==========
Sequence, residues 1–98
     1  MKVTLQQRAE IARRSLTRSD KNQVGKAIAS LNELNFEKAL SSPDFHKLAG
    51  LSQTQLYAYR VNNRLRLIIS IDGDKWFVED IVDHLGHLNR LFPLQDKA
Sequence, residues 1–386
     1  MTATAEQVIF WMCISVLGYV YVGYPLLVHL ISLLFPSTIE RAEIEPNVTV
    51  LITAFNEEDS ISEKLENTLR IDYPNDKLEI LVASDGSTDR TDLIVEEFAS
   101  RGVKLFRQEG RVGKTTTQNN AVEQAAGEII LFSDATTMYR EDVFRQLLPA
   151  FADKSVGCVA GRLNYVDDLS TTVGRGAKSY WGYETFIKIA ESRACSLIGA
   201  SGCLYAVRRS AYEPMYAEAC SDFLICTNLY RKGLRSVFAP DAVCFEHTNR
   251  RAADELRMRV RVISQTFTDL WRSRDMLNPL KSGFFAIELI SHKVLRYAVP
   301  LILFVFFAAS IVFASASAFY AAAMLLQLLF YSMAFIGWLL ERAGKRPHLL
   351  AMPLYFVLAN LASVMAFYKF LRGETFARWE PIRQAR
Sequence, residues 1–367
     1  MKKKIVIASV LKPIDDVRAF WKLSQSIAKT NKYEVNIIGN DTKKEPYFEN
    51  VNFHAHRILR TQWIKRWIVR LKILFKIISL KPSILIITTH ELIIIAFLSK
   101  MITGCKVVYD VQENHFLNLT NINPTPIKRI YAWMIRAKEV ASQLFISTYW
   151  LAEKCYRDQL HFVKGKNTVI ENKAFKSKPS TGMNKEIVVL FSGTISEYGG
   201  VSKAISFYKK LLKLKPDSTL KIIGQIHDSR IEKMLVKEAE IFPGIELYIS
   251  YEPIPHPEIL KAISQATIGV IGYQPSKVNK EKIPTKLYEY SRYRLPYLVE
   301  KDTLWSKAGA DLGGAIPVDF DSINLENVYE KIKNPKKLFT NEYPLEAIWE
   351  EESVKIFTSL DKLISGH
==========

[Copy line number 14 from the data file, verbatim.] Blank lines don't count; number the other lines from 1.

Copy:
     1  MKKKIVIASV LKPIDDVRAF WKLSQSIAKT NKYEVNIIGN DTKKEPYFEN